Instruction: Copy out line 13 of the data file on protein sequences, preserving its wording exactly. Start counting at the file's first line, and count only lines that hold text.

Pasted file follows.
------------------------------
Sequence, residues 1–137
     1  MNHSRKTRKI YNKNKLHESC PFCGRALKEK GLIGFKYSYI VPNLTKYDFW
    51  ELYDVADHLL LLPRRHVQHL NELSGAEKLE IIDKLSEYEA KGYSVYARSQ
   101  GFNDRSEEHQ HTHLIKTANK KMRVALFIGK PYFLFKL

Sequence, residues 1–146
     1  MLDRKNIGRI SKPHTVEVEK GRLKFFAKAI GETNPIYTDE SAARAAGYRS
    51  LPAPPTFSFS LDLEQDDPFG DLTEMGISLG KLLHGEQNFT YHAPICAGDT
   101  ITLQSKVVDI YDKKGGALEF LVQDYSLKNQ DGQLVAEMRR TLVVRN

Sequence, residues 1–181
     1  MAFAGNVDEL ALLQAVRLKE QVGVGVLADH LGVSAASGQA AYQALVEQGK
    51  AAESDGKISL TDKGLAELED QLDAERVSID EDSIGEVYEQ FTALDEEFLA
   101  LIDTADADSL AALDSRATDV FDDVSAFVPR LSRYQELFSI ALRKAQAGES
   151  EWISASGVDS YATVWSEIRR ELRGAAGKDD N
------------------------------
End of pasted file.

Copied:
   151  EWISASGVDS YATVWSEIRR ELRGAAGKDD N